Scamwatch: online gaming fraud

Not everyone you meet on online gaming sites is your friend...

Updated: 
disguised computer hacker

Stay one step ahead of the fraudsters with our series of articles giving you the lowdown on the scams they use to trick people out of their hard-earned cash - and how to avoid being taken in by them.

This week, the online gaming tricks fraudsters use to try to con you out of your hard-earned cash.

How does it work?
Millions of people use online gaming sites that allow them to connect with and play against other gaming enthusiasts. Not all those who use these sites are simply looking for fun, though.

From dodgy downloads that infiltrate your computer with malware to mobile phone games that allow those behind them to make costly international calls from your phone, fraudsters use a raft of scams to trick gamers.

The latest scam involves the trading of credits or other assets gamers can use and earn on sites, with crooks offering non-existent credits and virtual assets for sale.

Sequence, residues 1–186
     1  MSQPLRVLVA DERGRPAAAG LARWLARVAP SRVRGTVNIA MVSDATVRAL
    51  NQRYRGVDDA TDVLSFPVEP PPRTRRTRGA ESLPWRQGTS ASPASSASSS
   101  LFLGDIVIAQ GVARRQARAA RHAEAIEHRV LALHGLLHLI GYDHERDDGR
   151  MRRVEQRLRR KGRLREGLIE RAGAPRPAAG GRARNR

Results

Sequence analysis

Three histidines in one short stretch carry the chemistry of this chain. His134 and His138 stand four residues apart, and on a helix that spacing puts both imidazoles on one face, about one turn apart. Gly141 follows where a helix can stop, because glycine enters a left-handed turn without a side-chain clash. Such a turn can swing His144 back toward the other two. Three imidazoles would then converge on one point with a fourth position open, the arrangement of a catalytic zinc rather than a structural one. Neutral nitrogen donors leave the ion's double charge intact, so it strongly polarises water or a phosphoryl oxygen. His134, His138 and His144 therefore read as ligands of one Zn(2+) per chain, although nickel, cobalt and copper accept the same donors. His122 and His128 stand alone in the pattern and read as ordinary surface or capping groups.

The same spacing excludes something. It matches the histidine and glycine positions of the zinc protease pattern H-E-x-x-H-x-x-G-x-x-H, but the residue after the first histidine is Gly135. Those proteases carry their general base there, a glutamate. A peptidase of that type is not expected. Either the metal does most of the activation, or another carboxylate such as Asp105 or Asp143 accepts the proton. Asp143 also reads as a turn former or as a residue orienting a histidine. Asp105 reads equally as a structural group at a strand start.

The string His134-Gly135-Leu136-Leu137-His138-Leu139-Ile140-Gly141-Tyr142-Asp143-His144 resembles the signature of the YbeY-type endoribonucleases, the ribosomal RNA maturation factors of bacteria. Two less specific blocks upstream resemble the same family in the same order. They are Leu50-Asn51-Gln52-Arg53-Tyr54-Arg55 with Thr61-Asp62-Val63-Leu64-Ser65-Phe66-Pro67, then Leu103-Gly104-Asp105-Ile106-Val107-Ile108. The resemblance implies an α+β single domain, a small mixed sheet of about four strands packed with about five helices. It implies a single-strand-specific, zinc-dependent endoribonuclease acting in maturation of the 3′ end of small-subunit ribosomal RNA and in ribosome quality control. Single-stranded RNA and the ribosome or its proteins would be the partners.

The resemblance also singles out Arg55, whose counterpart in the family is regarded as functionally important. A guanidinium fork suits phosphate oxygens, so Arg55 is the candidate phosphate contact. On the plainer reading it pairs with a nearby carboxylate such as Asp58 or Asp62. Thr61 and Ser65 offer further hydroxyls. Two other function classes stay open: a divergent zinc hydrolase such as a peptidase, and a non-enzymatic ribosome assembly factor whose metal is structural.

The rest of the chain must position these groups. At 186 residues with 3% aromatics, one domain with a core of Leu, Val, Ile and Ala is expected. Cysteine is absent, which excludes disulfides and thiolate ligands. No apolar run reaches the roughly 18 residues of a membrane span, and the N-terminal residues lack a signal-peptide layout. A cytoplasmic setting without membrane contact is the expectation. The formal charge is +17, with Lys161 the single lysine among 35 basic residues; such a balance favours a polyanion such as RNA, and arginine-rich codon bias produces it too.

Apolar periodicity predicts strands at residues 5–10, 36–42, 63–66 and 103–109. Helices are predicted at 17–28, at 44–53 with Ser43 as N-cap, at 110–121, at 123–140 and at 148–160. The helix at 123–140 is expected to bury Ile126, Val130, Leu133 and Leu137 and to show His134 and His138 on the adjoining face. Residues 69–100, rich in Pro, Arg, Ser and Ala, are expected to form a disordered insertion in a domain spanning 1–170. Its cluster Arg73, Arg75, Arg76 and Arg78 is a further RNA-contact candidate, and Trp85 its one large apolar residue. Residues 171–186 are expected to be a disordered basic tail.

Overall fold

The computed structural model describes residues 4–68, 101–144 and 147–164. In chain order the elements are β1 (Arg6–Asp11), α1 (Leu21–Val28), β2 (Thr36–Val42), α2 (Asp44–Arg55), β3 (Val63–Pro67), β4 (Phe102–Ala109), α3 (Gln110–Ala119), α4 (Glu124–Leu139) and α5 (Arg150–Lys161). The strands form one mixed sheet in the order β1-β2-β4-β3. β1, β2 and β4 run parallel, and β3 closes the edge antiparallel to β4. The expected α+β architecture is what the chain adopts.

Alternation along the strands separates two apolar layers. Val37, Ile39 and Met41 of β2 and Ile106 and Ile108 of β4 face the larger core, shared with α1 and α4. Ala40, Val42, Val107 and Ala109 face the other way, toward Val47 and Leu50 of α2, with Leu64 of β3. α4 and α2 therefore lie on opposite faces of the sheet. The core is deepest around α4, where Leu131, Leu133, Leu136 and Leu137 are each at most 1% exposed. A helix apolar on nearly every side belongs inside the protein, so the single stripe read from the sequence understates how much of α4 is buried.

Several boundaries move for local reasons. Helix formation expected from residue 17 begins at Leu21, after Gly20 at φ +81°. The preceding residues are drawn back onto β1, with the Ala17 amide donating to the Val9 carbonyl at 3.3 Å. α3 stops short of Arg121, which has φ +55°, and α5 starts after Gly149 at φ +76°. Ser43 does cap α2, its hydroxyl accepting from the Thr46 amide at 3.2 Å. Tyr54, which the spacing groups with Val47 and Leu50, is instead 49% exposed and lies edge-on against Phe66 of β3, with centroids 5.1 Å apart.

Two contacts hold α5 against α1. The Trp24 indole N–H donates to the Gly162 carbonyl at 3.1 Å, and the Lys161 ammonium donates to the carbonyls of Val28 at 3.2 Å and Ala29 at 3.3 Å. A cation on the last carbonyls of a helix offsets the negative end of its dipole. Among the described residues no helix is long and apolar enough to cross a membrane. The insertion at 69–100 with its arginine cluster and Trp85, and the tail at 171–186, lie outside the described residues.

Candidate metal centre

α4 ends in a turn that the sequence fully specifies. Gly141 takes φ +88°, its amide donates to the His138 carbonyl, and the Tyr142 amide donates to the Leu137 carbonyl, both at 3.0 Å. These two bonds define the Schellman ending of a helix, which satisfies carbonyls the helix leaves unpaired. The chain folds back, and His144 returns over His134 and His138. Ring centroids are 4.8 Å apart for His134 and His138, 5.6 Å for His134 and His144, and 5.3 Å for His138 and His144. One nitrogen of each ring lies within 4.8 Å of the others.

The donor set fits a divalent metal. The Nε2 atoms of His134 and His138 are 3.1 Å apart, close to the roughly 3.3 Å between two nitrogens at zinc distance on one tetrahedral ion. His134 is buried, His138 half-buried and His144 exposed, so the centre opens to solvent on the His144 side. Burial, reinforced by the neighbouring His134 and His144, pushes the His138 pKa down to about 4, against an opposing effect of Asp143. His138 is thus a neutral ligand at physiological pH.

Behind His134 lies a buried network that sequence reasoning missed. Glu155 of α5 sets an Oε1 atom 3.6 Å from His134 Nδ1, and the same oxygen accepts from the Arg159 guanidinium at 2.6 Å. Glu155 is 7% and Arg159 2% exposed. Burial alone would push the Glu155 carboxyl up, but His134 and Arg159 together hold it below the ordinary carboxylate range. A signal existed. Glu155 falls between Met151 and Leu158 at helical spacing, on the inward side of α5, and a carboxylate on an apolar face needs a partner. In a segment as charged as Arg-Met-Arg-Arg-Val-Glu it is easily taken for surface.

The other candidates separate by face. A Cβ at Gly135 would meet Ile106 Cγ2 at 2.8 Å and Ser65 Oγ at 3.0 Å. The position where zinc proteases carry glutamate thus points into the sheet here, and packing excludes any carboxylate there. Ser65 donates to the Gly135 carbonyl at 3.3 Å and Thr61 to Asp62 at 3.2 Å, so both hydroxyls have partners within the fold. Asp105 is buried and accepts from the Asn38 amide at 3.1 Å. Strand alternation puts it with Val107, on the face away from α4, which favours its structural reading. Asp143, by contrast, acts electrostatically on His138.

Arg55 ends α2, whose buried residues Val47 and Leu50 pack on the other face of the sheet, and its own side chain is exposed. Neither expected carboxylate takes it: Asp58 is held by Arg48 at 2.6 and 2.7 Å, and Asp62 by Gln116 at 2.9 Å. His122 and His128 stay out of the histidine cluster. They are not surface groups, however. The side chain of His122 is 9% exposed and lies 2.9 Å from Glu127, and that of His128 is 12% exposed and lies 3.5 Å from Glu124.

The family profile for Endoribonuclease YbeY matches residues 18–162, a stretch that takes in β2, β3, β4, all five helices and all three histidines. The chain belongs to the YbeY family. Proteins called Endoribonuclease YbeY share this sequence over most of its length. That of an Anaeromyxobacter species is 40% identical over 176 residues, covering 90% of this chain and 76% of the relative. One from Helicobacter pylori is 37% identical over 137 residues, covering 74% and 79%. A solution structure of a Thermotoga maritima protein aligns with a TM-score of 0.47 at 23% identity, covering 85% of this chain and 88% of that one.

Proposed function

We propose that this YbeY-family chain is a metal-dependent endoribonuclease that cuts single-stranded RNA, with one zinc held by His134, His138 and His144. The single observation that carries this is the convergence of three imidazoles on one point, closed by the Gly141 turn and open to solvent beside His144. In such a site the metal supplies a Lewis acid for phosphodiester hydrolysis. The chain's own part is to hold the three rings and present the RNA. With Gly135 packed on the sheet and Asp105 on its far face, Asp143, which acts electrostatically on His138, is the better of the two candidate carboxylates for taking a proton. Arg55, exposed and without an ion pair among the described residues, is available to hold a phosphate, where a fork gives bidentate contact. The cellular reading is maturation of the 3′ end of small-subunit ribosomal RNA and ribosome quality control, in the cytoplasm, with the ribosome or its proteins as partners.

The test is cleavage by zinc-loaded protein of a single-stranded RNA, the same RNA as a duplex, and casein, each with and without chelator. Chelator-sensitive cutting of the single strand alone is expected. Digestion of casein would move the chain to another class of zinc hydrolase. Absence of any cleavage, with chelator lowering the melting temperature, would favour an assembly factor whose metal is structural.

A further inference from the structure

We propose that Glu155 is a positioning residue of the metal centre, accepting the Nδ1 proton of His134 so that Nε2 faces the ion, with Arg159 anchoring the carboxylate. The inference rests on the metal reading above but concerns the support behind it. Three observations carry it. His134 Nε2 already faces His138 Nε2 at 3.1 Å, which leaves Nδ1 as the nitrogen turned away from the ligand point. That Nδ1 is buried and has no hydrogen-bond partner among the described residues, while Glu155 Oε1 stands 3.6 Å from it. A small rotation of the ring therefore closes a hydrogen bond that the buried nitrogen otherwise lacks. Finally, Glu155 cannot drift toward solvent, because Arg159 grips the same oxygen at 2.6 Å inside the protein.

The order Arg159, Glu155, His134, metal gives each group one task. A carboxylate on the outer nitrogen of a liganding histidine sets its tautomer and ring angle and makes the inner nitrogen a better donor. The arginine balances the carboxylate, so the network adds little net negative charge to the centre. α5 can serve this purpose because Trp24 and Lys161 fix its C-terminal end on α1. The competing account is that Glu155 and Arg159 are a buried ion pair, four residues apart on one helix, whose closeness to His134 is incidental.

The company behind the Steam gaming platform - Valve - has even changed its terms to state that gamers caught out by such tricks will not be reimbursed.

"We sympathise with people who fall victim to scams, but we provide enough information on our website and within our trading system to help users make good trading decisions," it said. "All trade scams can be avoided."

How can I avoid being caught out?
One of the most common online gaming scams involves the offer of free downloads that allow people to get their hands on the latest games for free.

In many cases, these downloads are simply a way for fraudsters to attack your computer with malware that can then be used to log your keystrokes, for example.

It is therefore vital to have a good antivirus programme in place if you plan to game online.

Other top tips include avoiding mobile games that are not from a trusted source and looking out for "quick switching" (swapping an item for one that looks similar but has a lower value) and too-good-to-be-true offers when trading credits or digital assets online.

I've been defrauded. What should I do?
If you think your computer may have been affected by malware due to a dodgy game download, it makes sense to check your computer using an online virus scanner, such as the Microsoft Safety Scanner.

You should then change any passwords and login details that may have been made available to the hackers.

It is also a good idea to report any suspected online gaming fraud to Action Fraud (0300 123 2040), as well as the gaming site or platform concerned.

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